Partner Spotlight: BBB Insights for Renting a Storage Unit

Are you looking for a place to store possessions that won’t fit in your house? Finding a storage facility is similar to finding a trustworthy landlord.

To make smart decisions when signing a contract for a storage unit, spend time deciding on the type of storage unit you need. Gather the items you want to put into storage in one place. This will put into perspective how much space you need. Don’t forget, you’ll also need space to enter the unit and move around. If you ever need something, you don’t want a unit packed from floor to ceiling. 

Visit to check their customer reviews, BBB Accreditation status, and more business information. Customer reviews can give you insight into what to consider when visiting the facility. 

What to consider before renting a storage unit

Are any of your items temperature-sensitive? If so, you’ll need to have an indoor and climate-controlled unit. Are your items valuable? You’ll need a unit that has a good security and monitoring system. Also, purchasing insurance for the unit is a good idea, whether through the storage company itself or your insurance company. 

Don’t make an impulse decision based solely on location and price. Don’t simply select the location closest to you. Keep your options open and ensure you have a few units to investigate before making a final decision. You may find that a faraway location will give you more features than you want.

Storage units: What to watch out for 

Here are some of the things to look out for when shopping for a storage unit:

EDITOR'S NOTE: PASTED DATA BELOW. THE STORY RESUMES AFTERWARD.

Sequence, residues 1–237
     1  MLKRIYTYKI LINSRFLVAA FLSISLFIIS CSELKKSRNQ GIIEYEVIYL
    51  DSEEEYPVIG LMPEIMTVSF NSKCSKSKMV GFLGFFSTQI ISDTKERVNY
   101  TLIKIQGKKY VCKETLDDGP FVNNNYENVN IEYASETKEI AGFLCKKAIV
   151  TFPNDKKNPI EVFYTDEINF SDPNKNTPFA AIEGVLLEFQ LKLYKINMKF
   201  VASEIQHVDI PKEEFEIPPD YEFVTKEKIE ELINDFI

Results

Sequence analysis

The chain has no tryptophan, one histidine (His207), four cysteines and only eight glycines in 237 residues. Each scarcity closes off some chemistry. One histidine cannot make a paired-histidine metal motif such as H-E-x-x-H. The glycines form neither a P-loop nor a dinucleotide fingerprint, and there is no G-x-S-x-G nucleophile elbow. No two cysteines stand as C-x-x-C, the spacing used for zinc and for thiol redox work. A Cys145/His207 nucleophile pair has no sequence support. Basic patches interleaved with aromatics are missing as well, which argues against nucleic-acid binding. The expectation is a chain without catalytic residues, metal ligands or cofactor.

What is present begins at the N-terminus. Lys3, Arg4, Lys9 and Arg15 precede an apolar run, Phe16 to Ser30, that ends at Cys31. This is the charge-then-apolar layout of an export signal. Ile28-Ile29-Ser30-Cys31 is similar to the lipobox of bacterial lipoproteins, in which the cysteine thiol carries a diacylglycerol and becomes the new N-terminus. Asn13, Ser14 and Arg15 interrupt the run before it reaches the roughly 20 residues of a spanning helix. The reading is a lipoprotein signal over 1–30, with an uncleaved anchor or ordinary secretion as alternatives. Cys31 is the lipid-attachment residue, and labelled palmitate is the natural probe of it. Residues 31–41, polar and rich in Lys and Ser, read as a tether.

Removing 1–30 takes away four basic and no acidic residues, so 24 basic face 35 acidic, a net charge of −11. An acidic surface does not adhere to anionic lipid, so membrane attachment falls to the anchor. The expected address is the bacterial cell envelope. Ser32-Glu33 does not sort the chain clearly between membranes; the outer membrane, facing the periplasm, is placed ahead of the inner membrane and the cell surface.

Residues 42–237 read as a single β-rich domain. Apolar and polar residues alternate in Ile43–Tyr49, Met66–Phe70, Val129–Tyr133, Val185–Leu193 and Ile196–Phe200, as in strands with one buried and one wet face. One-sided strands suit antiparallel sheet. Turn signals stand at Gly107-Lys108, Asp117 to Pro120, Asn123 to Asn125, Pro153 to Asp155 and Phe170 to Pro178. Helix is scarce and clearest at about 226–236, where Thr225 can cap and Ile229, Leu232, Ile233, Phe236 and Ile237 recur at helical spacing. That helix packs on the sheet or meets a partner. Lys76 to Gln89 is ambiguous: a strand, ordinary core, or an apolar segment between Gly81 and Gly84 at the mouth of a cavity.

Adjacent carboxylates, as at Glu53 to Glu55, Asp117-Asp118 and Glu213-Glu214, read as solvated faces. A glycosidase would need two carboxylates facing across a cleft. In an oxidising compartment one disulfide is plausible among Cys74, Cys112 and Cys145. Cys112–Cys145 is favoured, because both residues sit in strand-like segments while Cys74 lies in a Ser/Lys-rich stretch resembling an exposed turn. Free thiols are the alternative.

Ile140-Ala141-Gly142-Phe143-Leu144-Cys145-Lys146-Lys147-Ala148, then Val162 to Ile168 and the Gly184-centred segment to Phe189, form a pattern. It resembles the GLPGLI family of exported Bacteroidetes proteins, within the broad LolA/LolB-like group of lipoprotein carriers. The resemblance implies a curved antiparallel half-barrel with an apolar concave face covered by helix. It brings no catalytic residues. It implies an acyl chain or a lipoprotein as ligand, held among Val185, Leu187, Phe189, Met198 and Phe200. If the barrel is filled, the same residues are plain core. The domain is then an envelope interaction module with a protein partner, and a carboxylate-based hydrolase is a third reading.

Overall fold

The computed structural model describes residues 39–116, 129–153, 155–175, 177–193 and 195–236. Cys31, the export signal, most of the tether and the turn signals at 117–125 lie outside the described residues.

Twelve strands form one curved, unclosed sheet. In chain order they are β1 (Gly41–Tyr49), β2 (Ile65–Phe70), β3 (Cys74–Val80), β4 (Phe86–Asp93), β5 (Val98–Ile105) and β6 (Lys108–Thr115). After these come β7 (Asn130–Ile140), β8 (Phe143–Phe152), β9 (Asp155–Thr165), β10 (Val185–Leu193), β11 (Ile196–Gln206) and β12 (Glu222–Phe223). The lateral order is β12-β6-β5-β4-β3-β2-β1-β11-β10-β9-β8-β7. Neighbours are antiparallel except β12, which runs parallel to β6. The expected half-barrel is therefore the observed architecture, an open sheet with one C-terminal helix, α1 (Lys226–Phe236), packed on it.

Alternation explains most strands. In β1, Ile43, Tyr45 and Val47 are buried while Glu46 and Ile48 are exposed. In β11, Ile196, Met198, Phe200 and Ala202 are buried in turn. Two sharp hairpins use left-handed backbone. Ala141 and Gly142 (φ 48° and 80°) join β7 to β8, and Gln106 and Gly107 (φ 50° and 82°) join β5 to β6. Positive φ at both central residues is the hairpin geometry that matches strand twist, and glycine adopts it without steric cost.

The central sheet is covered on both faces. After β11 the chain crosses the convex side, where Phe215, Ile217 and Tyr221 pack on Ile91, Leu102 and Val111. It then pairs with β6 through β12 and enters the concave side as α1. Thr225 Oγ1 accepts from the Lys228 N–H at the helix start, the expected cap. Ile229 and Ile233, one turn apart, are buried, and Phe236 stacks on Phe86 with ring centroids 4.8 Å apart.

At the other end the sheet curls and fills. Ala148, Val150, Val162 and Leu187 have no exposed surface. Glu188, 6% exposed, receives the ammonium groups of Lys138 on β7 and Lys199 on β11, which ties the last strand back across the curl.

• Cleanliness and security: All businesses advertise that they’re secure and clean, but not all live up to their promises. Problems could include bug/animal infestations, leaking roofs, broken surveillance systems, unmanned entrances, and poor security of visitors. Look carefully when you visit.
  • Hidden or additional charges: There may be additional charges for lock rental, insurance, late fees, utilities, and security. Ensure you get everything in writing and read your contract carefully so you aren’t surprised by add-ons later. 
  • Hiding in the small print: Read the fine print to look for all sorts of conditions relating to the responsibility of your possessions, the amount of notice for raising rent, and terms under which you’re deemed to have defaulted.
  • Access to the unit: Look up the storage facility online and determine the gate and office hours. 

Visiting storage facilities

Now that you know what you are looking for from the facility, it’s time to visit a few locations. Ask what’s included in the rate. Some full-service storage companies cost a little more but include extra services, such as free boxes, packing supplies, and transportation.

Don’t feel pressured to sign immediately on the dotted line, even if management tells you the units are limited. Spend the visit looking around and asking questions. First impressions are everything; you’ll often get a sense from that first visit of how the company treats customers.

As with any industry, some bad actors want to scam you. Storage scams can include:

  • Complicity in theft: Through negligence or direct involvement, operators have been known to play a part in the theft of contents from locked units.
  • Selling your stuff: In the case of a default, the owner is probably entitled to enter and auction off the contents. Some owners have made themselves inaccessible to receive payment to force renters into default. 

For more information 

See this BBB study on moving scams. Get advice from Wheaton Moving & Storage on your local and long distance moving options.

Report scams to BBB Scam Tracker. For more information you can trust, visit